Niamey (Agenzia Fides) - Today April 25, the World Day Against Malaria is celebrated, a disease that annually kills over one million people, 75% are African children. Every 30 seconds one of them dies. Mothers are also at risk: in endemic areas it is directly or indirectly responsible for 30% of maternal mortality, although it is a disease that can be prevented, diagnosed and treated easily. According to information sent to Fides Agency, in 2013 the NGO Medecins Sans Frontieres (MSF) launched seasonal malaria chemioprevention in Niger against malaria, an effective prevention strategy which treated 206 000 children under 5 years of age in more than 1,045 villages in the health districts of Magaria, Madaoua, Bouza, Madarounfa and Guidam-Roumji, in the regions of Zinder, Tahoua and Maradi. The organization employed more than 2000 health promoters to sensitize the community and to encourage parents to bring their children to the 179 points of distribution of monthly doses of medicines, in addition to being distributed by 99 teams that went from door to door.
The treatment recommended by the World Health Organization in the Sub-Saharan Africa areas where there is a high incidence of the disease, is part of a campaign for seasonal malaria chemioprevention (SMC) which showed a decrease of 83% of cases in the Countries concerned. Although the disease is endemic in Niger, the Country has to face a strong resurgence of cases every year during the rainy season, which goes from July to October and, not surprisingly, corresponds to the period of high transmissibility of the disease. The SMC is now an integral part of the national program against malaria and is particularly effective in situations of widespread malnutrition and anemia because it allows to reduce the number of complex cases in Countries where the access to care is limited, such as Niger. However it does not prevent all cases of malaria.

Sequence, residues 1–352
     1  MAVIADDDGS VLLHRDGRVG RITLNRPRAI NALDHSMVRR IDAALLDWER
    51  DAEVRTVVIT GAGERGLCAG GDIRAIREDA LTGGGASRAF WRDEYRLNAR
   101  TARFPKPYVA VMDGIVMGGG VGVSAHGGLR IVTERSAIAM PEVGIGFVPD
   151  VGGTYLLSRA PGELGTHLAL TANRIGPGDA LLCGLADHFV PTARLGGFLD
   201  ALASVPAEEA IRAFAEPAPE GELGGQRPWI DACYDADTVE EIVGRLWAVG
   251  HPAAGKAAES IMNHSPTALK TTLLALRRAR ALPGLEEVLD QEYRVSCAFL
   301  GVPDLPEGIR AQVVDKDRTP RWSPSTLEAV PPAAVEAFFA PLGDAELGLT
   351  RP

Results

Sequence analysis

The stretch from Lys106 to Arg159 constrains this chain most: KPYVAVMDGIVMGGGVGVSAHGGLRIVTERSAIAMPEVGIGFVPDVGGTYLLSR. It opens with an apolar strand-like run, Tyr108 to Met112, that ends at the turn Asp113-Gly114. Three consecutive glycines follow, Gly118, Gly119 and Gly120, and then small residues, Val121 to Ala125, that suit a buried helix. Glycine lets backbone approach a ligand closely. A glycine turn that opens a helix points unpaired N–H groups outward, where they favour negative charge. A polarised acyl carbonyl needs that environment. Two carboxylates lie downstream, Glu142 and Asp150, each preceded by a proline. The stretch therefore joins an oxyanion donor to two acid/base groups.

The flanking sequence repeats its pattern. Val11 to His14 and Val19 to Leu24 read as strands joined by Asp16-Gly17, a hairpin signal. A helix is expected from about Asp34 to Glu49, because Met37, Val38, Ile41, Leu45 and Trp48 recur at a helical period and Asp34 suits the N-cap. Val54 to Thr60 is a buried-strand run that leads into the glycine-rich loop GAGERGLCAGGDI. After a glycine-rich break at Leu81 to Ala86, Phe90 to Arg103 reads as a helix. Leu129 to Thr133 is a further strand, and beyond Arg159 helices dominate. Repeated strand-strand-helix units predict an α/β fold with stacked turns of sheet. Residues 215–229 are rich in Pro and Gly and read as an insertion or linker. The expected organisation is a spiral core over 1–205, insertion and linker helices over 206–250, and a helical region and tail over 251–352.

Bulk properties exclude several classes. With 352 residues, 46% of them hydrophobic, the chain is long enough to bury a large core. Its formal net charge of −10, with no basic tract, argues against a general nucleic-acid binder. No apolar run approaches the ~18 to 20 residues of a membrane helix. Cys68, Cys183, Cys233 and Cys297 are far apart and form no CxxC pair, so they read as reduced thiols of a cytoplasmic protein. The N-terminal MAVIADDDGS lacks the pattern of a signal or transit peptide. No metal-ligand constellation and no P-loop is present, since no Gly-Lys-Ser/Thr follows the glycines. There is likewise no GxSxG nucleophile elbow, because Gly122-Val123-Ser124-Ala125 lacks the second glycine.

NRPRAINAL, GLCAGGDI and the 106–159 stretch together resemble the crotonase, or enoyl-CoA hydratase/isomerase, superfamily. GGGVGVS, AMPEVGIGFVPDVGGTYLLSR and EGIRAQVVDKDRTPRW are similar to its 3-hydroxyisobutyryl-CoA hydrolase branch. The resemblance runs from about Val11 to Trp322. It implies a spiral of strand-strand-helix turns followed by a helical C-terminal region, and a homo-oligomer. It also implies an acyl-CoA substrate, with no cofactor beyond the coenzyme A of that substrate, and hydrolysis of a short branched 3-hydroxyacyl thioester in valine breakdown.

The NGO team in Niger, and other organizations in other areas, are preparing a second mass campaign addressed to more than 400 000 children as from July, in the same regions as in 2013. Every year Nigerians are confronted not only with malaria, but also with food crisis, because the rainy season coincides with the period after sowing, when the harvest is not yet ready and food prices are the highest on the market. (AP) (Agenzia Fides 25/04/2014)